If she can get that much Toe by Toe input each day, and that frequently per week, she will fly through the book and you will see rapid improvement. Fantastic. Wish that happened at the schools I volunteer at. It really is depressing. You have cheered me up!![​IMG]
    I sometimes do a tiny bit of Toe by Toe from time to time with my own children. It pays off almost instantly as it helps them to remember to look accurately right the way through a word.

    I'm going to get my own copy out again!!
     
  15. I wouldn't say Toe-by-toe is suitable for any child needing phonics, or a younger child needing phonics - I think the issue is that the pupil is an older child who can read and spell well but may have hit a ceiling for advanced reading.
    Nowadays, systematic phonics is taught for reading and spelling simultaneously and then the phonics learned is applied immediately to words, sentences and texts.
    We really should be seeing some significant improvement in reading, spelling and writing and we should be seeing a reduction in 'special needs' where this is related to literacy.
     
  16. mystery10

    mystery10 Occasional commenter

    No I don't think it's suitable for a younger child either - but little bits are fine. It's intruiging though if you read the reviews on Amazon - there are hundreds of them from all kinds of people including parents who claim to have taught young children to read using Toe by Toe. I can't see that they would find it interesting in any way. And the vocabulary towards the end of itis unrealistic for a young child.
    Yes what you say about systematic phonics teaching should be true. But, one of the schools I volunteer in only took on systematic phonics teaching fairly recently - and it's not that systematic even now - so children I volunteer with in top primary have not learned to read via phonics.
     
  17. When I've come across something similar, I've talked to the child (and parent) about what the difficulty might be (not being able to read some longer words, or to spell them) and whether the child would like to do something about it, to get the child to 'buy in' to doing something about it.
    It would depend how much of the code she is familiar with - she may well have some understanding of quite a bit, but not understand all the vowel variations.
    I wonder whether Toe by Toe might not put her off, if she has to wade through lots that she can read easily (though I've not looked at it recently, I admit, and someone else did mention that it includes non-words).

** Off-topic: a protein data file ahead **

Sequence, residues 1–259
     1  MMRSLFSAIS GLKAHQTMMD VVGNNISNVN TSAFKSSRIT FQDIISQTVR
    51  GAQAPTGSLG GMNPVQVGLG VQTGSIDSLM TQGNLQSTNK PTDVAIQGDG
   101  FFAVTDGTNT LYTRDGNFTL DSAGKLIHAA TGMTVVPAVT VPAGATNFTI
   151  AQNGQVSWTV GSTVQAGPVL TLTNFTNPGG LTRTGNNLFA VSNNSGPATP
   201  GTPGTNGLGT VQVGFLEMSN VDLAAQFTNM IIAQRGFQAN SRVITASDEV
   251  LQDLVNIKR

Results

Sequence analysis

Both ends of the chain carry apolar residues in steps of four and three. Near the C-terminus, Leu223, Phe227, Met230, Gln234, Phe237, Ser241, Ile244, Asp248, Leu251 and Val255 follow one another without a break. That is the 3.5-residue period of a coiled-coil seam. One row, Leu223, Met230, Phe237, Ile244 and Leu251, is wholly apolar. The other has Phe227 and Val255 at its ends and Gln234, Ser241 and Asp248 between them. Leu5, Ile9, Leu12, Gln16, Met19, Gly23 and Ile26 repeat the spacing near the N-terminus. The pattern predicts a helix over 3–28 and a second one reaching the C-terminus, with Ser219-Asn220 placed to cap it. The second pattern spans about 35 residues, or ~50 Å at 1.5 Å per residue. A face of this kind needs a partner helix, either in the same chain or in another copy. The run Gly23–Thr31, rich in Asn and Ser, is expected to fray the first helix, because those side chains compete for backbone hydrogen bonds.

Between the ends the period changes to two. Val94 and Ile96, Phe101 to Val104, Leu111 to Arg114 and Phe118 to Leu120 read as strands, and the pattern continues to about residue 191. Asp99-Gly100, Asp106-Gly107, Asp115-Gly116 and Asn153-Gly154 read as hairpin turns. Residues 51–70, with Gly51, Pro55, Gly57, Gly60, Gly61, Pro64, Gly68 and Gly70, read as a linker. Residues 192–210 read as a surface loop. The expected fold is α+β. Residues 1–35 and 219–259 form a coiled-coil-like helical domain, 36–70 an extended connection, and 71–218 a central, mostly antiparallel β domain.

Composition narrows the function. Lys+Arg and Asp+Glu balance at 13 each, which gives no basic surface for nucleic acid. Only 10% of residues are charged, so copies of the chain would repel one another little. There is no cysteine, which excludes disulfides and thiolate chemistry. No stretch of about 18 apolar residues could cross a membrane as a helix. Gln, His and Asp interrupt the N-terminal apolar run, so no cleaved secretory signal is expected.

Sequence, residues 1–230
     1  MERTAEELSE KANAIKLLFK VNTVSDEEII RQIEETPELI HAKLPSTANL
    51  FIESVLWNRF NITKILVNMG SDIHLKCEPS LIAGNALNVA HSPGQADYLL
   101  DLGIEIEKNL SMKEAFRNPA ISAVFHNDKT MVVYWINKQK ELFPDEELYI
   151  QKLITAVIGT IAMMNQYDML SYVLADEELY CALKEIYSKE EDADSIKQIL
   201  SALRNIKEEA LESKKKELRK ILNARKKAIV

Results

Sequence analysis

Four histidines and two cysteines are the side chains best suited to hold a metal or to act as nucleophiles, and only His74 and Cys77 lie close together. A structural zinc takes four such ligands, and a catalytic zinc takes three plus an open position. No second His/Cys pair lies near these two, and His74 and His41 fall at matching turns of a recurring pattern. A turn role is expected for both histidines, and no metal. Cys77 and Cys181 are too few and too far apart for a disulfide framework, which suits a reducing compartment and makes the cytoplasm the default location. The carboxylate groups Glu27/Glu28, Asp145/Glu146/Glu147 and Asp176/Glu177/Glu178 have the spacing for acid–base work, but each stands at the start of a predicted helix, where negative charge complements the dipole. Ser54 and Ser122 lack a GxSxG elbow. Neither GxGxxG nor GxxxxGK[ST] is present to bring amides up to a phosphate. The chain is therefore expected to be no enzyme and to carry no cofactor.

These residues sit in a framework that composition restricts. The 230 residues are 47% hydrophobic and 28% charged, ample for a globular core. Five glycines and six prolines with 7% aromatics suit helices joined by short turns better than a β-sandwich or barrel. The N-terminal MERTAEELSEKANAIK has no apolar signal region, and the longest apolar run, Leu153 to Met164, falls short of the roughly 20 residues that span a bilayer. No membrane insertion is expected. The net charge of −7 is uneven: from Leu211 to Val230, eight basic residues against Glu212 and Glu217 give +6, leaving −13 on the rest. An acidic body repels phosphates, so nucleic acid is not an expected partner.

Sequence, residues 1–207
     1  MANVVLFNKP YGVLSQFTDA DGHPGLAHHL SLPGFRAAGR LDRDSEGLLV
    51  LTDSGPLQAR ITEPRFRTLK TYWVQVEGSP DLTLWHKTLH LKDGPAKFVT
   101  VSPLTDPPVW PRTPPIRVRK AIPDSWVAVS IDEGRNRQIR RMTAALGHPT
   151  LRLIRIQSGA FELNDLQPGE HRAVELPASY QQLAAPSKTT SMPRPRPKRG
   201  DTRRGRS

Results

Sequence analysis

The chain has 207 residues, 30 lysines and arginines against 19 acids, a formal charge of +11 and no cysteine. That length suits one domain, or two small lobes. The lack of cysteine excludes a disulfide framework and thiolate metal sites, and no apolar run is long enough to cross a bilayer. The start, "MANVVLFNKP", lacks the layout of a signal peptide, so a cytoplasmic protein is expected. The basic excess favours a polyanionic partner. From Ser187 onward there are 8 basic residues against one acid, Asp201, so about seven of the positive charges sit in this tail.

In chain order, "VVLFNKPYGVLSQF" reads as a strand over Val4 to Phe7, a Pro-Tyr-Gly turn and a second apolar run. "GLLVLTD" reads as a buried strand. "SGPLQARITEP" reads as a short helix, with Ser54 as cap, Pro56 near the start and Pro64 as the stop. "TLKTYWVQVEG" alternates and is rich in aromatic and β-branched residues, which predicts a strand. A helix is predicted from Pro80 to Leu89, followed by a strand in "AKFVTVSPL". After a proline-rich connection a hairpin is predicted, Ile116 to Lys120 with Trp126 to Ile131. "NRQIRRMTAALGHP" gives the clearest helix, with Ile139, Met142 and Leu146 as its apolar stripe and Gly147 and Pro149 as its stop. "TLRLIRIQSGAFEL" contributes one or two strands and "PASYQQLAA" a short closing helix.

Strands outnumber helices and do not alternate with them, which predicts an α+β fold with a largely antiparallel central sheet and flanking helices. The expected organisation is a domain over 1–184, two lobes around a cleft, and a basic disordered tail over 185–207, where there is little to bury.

I did 1:1 tuition with several children in lower KS2 who had plateaued (sp? - that's a weird-looking bunch of vowels) with their reading. Initially I assessed their grapheme recognition - they knew all the 'phase 2' and the early 'phase 3' graphemes from Letters and Sounds, but didn't have much idea of the trigraphs or the alternative vowel digraphs. What worked well was a mix of hearing them read, and picking up incidental problems, practising how to break words to solve them, plus focused work on lists of words including the specific graphemes that I knew they were unsure of. It worked well.
     
  18. I would agree wholeheartedly with this. I think systematic phonics is still not really happening fully in all schools. My own school teaches phonics in a completely systematic way, and has done since the early recommendations (and still this child was 'missed', but my children's school only adopted Letters and Sounds fully a couple of years ago, and still uses 'flashcards' alongside.
    Additionally, whereas some teachers (particularly newer teachers) are fully on board with systematic phonics, I meet lots of older teachers who are suspicious and prefer the old Searchlights approach.
     
  19. 'She's a good speller ....because she's memorised them'! Oh, the cheating ways of some children!
    Given all the ways there are to spell one sound (23 ways to write the 'oo' sound), how does a child choose (which rhymes with lose (not loose), booze, clues et cetera)? Children who are visual learners learn to know what a word should look like uthuwyz thair werk wood luk liek thiss wich eye hav kairfulee sbeld fonetikly and wich u can orl reed eesily.
    Furthermore, what about context? rain, rein or reign?I'm sure there will be another set of rules to learn and cross-check for that. I realise this is in no way helpful but, actually, neither is too much concentration on the wrongs when she is getting so much right. (Cue all hell breaking loose..)